We live in a digital age where a large majority of small businesses either currently have a website or will be creating one in the near future. In 2019, any business without a digital presence is losing out on massive opportunities to grow their brand and revenues. However, the seemingly innocent action of creating a website is now resulting in scary situations for small business owners: copyright infringement.
When many think of copyright infringement, they probably think of large corporations battling it out in the courts over one company stealing their ideas, intellectual property, or even music. Apple vs. Microsoft in the ’90s, record companies vs. Napster in the 2000’s and the recent Spotify vs. Wixen Music Publishing lawsuit are all high-profile copyright infringement cases which have garnered the most media attention in recent years.
Despite the attention paid toward these high-profile cases, most businesses do not imagine they will ever be involved in legal situations relating to copyright infringement. Enter: the copyright bots. Companies like Copypants and Pixsy are using algorithms (think Facebook and Google) to sift through millions of images and search for sites that are using other’s images or photos without access to the proper permissions. These companies have also teamed up with law firms who will send out threatening letters asking for money to settle licensing disputes or threaten litigation, with penalties up to $150,000. No small business needs this type of threat, as it takes away from serving clients and meeting objectives. It is time for small businesses to fight back against the copyright bots scouring the internet.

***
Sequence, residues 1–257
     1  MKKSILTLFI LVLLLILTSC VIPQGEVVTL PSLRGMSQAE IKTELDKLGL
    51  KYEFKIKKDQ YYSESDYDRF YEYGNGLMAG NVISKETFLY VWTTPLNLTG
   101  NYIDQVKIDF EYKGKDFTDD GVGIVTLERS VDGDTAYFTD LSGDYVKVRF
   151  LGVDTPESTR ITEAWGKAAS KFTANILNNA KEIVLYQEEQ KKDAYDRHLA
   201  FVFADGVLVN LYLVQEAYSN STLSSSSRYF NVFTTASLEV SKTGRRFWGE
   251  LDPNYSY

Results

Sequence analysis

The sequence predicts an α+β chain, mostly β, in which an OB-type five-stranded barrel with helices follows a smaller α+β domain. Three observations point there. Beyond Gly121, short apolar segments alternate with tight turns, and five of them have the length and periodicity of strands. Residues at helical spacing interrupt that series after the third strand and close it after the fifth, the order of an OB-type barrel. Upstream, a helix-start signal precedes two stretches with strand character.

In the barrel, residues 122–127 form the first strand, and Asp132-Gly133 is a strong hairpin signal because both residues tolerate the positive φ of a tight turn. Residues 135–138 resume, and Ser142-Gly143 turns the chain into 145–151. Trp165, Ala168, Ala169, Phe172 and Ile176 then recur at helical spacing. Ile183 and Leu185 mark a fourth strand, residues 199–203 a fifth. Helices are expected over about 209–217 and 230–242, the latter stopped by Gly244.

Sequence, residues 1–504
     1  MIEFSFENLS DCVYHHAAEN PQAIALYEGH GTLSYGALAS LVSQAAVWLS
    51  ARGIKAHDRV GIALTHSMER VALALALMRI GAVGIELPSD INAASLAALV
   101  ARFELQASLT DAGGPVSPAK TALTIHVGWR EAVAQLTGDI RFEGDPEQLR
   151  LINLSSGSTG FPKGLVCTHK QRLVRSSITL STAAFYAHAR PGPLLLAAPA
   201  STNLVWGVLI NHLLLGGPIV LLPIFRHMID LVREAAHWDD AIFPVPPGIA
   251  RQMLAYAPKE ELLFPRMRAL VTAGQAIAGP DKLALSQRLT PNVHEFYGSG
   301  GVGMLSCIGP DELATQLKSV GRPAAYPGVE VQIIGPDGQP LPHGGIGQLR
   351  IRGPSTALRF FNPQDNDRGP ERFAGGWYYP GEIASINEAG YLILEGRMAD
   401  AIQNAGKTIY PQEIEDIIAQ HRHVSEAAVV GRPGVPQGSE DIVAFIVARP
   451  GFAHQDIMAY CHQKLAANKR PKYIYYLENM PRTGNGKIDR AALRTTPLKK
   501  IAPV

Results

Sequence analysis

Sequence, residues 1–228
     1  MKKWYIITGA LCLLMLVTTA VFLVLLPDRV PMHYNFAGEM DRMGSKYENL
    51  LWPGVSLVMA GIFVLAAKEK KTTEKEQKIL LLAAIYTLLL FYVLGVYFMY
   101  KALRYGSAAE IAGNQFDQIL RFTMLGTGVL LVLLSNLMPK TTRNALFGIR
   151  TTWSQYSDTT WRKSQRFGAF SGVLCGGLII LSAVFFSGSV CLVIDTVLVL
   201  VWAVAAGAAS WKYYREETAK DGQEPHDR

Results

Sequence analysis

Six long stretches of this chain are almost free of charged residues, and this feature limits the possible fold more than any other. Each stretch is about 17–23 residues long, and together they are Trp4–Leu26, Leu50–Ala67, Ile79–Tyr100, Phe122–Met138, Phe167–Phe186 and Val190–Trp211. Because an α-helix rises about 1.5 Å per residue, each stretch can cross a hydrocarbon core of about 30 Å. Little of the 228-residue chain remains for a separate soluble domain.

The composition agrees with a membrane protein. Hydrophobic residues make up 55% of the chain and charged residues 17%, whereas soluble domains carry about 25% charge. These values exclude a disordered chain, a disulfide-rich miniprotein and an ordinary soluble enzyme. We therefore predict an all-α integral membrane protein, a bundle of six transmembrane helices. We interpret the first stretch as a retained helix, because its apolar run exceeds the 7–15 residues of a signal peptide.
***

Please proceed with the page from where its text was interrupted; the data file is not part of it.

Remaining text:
Tips to Fight Back Against the Copyright Robots
Below are a few tips on how you can ensure your business steers clear of this digital risk moving forward:
- Never post a photo or image without checking for copyrights; this can result in adverse financial penalties
- Audit your current website’s photos and images to ensure all are in compliance with today’s copyright laws
- Try using a subscription service or free image library for your website. Unsplash.com is a great website where you can use photos for free with no risk of copyright infringement
- Always verify copyrights for photos found on any major search engine, such as Google. Just because these photos are free to view does not mean they can be used by anyone
- If you do receive a copyright infringement demand letter, make sure the company is legitimate. You do not want to end up sending money to a prince in Nigeria
- If you are ever not 100% on using certain images or photos on your website, consult legal help to do a double-check
A digital presence is almost a necessity to compete in today’s market, so make sure your website is protected from copyright infringement claims by ensuring compliance with all copyright laws. Dealing with these issues takes time and money away from running your business. With just a few quick tips, you can avoid costly demands and litigation related to simply posting images on your site.
Cory Mangum, MBA, CPCU
Cory Mangum is not affiliated with Cetera Advisor Networks LLC.